Canada: Punching A Co-Worker Does Not Amount To Just Cause For Dismissal, Court Rules

Last Updated: December 23 2014
Article by John Illingworth

Can your employee punch a co-worker in the face and avoid termination for just cause? The answer is yes, depending on how you handle the situation.

A recent decision of the Ontario Superior Court of Justice again raises the question of whether employers can effectively balance their duty to provide a safe workplace free from violence with the common law principles of proportionate discipline. In the Nov. 17, 2014 decision in Phanlouvong v. Northfield Metal Products (1994) Ltd. et al., 2014 ONSC 6585 (CanLII), the Trial Judge found that, although the plaintiff punched a co-worker in the face, his conduct did not amount to just cause for dismissal.  

The plaintiff, Mr. Phanlouvong, was a 15-year employee working as a labourer/assembler at Northfield Metal Products. On Oct. 5, 2010, a co-worker, Mr. Bailey, complained to Mr. Phanlouvong about the manner in which he was doing his job. This resulted in an exchange of words, but nothing further occurred that day. However, on the following morning, before their shift commenced, Mr. Bailey passed by Mr. Phanlouvong while carrying dirty gloves for disposal. As they passed, Mr. Bailey's elbow came into contact with Mr. Phanlouvong. The Judge found that the co-worker's contact was "neither violent nor deliberate." What followed next was the subject of much conflicting evidence. However, the Judge concluded, on a balance of probabilities, that Mr. Phanlouvong "was the aggressor in the incident and did throw a punch striking Mr. Bailey on the nose, thereby causing Mr. Bailey to stumble backwards onto the floor, and his nose to bleed."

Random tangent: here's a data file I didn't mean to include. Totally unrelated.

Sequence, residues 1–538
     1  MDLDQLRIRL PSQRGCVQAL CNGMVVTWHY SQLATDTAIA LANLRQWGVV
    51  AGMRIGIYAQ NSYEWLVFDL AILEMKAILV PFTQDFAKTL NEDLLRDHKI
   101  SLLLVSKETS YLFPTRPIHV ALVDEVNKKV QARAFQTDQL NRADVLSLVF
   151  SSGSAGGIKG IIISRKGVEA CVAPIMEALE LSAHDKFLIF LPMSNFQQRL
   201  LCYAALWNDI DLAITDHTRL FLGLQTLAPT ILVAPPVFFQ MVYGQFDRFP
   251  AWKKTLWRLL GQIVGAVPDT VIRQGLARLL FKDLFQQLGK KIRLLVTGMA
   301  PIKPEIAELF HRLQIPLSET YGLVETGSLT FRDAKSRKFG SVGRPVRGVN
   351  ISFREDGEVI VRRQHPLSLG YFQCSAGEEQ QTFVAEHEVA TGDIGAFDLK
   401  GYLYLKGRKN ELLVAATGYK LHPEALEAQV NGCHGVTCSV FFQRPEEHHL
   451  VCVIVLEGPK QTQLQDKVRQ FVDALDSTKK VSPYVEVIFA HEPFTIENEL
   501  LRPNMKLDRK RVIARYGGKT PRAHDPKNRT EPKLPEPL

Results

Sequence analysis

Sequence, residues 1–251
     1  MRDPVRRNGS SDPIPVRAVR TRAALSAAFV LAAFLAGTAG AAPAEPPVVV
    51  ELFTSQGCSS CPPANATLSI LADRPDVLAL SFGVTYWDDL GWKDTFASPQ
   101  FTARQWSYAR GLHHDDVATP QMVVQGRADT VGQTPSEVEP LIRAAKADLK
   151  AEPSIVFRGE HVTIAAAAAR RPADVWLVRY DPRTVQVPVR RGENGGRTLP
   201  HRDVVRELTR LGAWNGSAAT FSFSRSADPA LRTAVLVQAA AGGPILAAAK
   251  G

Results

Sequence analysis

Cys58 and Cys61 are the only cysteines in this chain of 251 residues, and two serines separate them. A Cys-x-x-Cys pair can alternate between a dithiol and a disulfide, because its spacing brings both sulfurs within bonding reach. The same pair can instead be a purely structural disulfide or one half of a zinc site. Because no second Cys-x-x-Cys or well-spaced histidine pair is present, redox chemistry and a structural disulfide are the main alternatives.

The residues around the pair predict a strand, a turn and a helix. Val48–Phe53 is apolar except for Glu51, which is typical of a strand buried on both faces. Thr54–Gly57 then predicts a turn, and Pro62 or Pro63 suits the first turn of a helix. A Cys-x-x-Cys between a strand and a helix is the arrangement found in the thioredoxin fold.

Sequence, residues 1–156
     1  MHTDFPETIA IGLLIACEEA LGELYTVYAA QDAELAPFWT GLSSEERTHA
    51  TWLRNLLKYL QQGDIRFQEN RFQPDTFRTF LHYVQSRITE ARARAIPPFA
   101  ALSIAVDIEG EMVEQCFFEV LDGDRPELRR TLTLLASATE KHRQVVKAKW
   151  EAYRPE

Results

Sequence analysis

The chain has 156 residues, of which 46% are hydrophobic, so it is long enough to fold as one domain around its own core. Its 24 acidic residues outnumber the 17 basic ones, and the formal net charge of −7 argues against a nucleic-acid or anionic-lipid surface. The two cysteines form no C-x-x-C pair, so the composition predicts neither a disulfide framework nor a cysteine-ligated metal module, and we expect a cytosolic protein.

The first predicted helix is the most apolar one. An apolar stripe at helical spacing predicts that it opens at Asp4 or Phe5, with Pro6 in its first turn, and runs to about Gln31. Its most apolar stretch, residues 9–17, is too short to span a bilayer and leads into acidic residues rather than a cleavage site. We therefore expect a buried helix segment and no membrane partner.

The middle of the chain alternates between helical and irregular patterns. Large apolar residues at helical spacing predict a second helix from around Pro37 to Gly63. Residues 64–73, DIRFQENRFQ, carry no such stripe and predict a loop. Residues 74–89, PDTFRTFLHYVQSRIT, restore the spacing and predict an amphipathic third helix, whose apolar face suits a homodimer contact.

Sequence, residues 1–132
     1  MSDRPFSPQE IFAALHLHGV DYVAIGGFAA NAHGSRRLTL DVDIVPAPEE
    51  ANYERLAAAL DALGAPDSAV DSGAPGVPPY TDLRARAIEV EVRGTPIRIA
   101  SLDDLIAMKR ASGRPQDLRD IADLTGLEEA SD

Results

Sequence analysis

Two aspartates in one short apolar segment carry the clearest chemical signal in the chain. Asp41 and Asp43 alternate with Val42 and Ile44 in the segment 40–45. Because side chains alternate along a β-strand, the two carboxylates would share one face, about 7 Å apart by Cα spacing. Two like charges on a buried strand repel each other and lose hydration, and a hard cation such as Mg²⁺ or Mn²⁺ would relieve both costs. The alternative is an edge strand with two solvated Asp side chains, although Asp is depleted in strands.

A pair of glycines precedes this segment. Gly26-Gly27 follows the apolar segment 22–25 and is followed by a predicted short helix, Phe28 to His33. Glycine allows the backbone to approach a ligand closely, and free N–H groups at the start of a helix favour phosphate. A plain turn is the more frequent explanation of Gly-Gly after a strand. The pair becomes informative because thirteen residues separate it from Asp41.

At trial, the Judge acknowledged the employer's duties under the Ontario Occupational Health and Safety Act ("OHSA") and the Bill 168 amendments concerning workplace violence, but also noted that the employer's Workplace Violence Policy and its accompanying Workplace Violence Prevention Program utilized progressive discipline up to an including termination of employment. Relying on the Supreme Court of Canada's decision in McKinley v. BC Tel, 2001 SCC 38, the Judge applied the "principle of proportionality," describing the test as whether the employee's conduct gives rise to a breakdown in the employment relationship. The Judge further described the employer's burden as follows: "The onus is on the employer to establish, on a balance of probabilities, that there was just cause for it to terminate the plaintiff's employment without notice, and in this connection, to prove that there were no other reasonable alternatives to termination..."

Having regard to the facts of the present case, the Judge was not satisfied that the employer had given due consideration to any alternatives to dismissal without notice. Although Mr. Phanlouvong was the aggressor in the altercation, the Judge found that "Mr. Bailey also participated in it by not walking away or extricating himself from the situation..." In addition, the Judge found that no consideration was given to Mr. Phanlouvong's "unblemished" work record before making a determination. Finally, the Judge noted: "Moreover, management did not consider whether the company's legitimate interest in demonstrating to Mr. Phanlouvong, and to the rest of the employees in the plant, that workplace violence would not be condoned could be adequately served through the imposition of progressive discipline..."